What You Need to Know About Hyponatremia
There was a time when dehydration was thought to be one of the biggest risks of long distance running. As a result, runners were encouraged to drink specified amounts of fluid per unit of time, regardless of whether they felt thirsty. Which, in hindsight, had disastrous consequences.
In the early 1980s, a few years after recommendations had been published that encouraged runners to consume plenty of fluids on the run, Dr Tim Noakes M.D. started receiving reports of overhydration. Intrigued by these reports, Dr Noakes published a paper called “Water Intoxication: A Possible Complication During Endurance Exercise” in 1985. Few took note of the paper, however, and reports of hyponatremia kept pouring in. As a result, interest in the field steadily grew, with extensive studies conducted on the subject since the early 2000s.
What is Hyponatremia?
So what exactly is hyponatremia? In a nutshell, Exercise Associated Hyponatremia (EAH) (also referred to as low blood sodium or overdrinking) occurs when too much drinking during exercise dilutes the sodium (or salt) levels in your blood serum. This may manifest as one or more of the following symptoms:
- Nausea and vomiting
- A decrease in or loss of appetite
- Muscle spasms
But it doesn’t end there. Acute hyponatremia, where sodium levels drop below 130 mE/L, or even 125 mE/L, can have a number of serious consequences. These include:
- Brain disease
- Cerebral edema or swelling of the brain
- Cardiac arrest
- A prolonged period of unconsciousness
It is therefore clear that hyponatremia is not something to be taken lightly. In fact, as a long-distance runner, it might be one of the biggest health risks you’ll face during your running career.
It’s important to note, though, that not all cases of hyponatremia leads to death. It is possible to have modest hyponatremia (with sodium levels <135 mE/L) without feeling sick or being in any immediate danger. Amby Burfoot, Editor at Large of Runner’s World magazine, likens having modest hyponatremia to having modest high blood pressure. Says Burfoot: “It’s not good, but you’re still alive and probably don’t even know you have it”.
Who Is Most at Risk?
So are all runners at equal risk of developing hyponatremia? Not according to the experts. Slower runners are regarded as being at a higher risk of developing the condition. Why? Well, runners who move at a slower speed tend to perspire less and also spend a longer time out on the course. Which gives them more time to drink on the run, plus it gives the effects of hyponatremia time to start manifesting. It’s also physically easier to drink while running at a slower pace, which means that slower runners generally tend to take in more fluids.
Runners with a very small or large build are also regarded as being at a greater risk of developing hyponatremia.
Are Sodium Supplements and Sports Drinks a Possible Solution?
And if you think that popping a sodium supplement will prevent hyponatremia, think again. In a study published in Medicine & Sciene in Sports & Exercise in 2015, researchers found that there was no difference in the rate of sodium intake between hyponatremic and other study participants. This study focused on participants of the 2014 Western States Endurance Run, a 100-mile trail race held annually in California. Just under 7% of race participants were found to be clinically hyponatremic after the race, regardless of having taken sodium supplements. The study concluded that sodium supplements are not required to prevent hyponatremia during continuous exercise in moderate heat for up to 30 hours. It also confirmed that avoiding overhydration appears to be critical in preventing hyponatremia.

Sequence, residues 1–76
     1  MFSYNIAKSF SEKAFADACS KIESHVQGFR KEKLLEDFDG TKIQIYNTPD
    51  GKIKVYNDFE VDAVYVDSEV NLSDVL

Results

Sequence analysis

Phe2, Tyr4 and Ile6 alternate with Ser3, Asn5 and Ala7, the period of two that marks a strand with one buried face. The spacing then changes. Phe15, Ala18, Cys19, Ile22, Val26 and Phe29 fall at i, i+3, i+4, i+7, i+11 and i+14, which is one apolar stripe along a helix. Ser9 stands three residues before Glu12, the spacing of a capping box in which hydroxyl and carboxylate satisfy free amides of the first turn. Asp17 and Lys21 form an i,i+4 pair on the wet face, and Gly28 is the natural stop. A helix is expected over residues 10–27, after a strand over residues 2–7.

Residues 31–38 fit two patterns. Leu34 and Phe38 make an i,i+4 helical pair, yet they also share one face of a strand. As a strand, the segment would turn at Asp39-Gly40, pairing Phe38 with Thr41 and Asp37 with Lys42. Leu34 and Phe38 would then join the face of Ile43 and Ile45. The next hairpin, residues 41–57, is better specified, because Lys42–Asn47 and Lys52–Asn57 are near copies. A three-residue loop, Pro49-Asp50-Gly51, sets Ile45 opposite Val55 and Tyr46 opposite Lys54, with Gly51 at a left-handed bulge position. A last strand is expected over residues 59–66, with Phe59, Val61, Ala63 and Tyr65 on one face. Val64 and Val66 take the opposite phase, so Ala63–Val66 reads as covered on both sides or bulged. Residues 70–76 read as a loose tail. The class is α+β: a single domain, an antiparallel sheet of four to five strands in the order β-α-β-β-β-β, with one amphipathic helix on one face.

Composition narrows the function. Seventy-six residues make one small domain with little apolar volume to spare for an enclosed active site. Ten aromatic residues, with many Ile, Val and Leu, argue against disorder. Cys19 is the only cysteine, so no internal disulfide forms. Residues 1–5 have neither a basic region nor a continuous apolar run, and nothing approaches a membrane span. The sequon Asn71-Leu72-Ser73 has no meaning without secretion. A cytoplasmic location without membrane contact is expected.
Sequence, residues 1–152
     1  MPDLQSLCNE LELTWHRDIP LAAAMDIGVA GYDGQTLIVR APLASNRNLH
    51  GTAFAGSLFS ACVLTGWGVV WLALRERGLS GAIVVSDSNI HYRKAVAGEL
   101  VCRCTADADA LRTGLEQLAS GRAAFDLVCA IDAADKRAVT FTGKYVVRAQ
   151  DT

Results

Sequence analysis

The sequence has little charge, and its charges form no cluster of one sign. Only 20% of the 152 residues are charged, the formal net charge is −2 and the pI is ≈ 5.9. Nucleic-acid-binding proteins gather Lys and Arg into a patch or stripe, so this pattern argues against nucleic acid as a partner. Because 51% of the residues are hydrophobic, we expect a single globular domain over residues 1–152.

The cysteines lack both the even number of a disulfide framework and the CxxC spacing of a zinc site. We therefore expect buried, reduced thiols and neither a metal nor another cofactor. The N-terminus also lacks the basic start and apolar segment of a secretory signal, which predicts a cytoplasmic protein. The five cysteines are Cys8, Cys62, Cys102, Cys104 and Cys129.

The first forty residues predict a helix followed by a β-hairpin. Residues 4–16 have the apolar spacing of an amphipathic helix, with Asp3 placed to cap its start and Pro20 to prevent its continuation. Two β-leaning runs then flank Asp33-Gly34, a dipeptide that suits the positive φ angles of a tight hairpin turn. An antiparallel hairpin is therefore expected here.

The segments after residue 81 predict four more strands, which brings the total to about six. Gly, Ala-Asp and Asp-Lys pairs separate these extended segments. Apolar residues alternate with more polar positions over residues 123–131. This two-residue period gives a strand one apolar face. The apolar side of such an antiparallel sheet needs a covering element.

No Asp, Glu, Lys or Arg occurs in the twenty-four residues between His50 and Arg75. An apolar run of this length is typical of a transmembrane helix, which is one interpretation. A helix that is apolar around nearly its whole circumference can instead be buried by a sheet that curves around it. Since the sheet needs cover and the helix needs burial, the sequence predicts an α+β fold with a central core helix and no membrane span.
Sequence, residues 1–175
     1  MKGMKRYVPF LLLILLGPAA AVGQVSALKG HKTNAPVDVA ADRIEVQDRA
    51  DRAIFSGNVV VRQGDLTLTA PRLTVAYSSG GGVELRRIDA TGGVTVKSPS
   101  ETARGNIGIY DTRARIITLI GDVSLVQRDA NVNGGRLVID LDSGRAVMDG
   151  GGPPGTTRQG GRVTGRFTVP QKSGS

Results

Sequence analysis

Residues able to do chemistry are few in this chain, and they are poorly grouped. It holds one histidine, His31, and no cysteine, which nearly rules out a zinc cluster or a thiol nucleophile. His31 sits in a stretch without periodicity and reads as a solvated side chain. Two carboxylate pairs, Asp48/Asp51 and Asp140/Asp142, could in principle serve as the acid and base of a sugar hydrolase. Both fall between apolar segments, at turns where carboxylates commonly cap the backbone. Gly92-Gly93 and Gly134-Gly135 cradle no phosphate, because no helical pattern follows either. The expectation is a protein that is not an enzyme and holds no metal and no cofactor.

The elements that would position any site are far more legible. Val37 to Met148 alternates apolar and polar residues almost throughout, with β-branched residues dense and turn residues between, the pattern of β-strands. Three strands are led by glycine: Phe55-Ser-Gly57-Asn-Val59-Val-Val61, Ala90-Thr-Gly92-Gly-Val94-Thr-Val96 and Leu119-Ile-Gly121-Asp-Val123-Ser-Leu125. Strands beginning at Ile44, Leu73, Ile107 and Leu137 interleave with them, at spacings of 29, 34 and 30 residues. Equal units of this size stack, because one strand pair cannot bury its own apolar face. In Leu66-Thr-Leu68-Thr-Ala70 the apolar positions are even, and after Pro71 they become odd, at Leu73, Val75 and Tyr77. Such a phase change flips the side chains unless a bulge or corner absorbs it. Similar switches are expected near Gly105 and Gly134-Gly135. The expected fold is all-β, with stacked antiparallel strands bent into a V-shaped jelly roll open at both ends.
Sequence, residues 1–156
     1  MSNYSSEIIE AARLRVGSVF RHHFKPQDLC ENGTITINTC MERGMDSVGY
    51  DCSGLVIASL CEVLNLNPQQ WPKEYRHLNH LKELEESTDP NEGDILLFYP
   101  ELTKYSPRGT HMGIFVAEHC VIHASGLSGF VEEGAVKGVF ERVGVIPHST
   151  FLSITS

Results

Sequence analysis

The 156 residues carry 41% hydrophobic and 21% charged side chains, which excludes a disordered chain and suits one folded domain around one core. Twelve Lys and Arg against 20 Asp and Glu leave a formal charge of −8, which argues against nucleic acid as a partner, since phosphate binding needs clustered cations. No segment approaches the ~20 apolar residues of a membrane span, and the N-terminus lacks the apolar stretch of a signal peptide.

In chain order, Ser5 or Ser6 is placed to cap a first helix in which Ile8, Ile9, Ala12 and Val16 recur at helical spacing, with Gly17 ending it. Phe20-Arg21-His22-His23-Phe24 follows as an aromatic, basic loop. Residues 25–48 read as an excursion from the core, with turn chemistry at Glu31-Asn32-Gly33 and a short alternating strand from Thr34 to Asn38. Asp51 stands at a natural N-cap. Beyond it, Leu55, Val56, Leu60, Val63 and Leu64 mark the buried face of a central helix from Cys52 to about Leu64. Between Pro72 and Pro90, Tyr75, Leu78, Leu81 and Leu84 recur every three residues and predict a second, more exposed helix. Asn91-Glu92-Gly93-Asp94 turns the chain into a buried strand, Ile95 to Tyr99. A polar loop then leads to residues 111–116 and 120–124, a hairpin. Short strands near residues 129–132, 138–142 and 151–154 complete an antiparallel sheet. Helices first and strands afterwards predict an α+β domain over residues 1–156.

And as far as sports drinks go, Dr Noakes is the first to acknowledge the effectiveness of these products. They taste good, they’re rapidly absorbed, and they provide water, energy and electrolytes to athletes. Dr Noakes does not, however, agree with the notion that if a little sports drink is good for you, a lot must be better. This notion is not backed by science and its spreading can only be attributed to clever marketing. Remember that the concentration of sodium in the blood (approximately 140 mmol/L) is far higher than that found in sports drinks (around 10-38 mmol/L). It’s therefore only logical that you’ll be diluting the sodium in your bloodstream no matter what you drink.
So Exactly How Much Should You Drink While Running?
So just how much should you be drinking on the run? At present the best guideline appears to be to drink to thirst. Drink only when you’re thirsty, plain and simple.
It’s worth noting, however, that some experts feel that this one-size-fits-all running hydration recommendation is over-simplified. They argue that, in situations where unusually high temperatures are expected on race day, or where water points are spaced relatively far apart, runners might end up drinking too little. Having said that, it’s good to keep in mind that hyponatremia is a classified medical diagnosis, while dehydration is not. And while being sufficiently hydrated over the long term is vital, short-term partial dehydration (think post-run thirst) is easily rectifiable without huge risk.
So while the dangers of consuming too much fluids on the run is clear, don’t let it cause unnecessary stress. Learn to listen to your body and drink only when you’re thirsty. And, if at any time you start getting that uncomfortable, sloshy feeling in your stomach, combined with swelling in your fingers, stop drinking (and running) and seek help.
In short: Take note and be careful not to drink too much, but keep on running!
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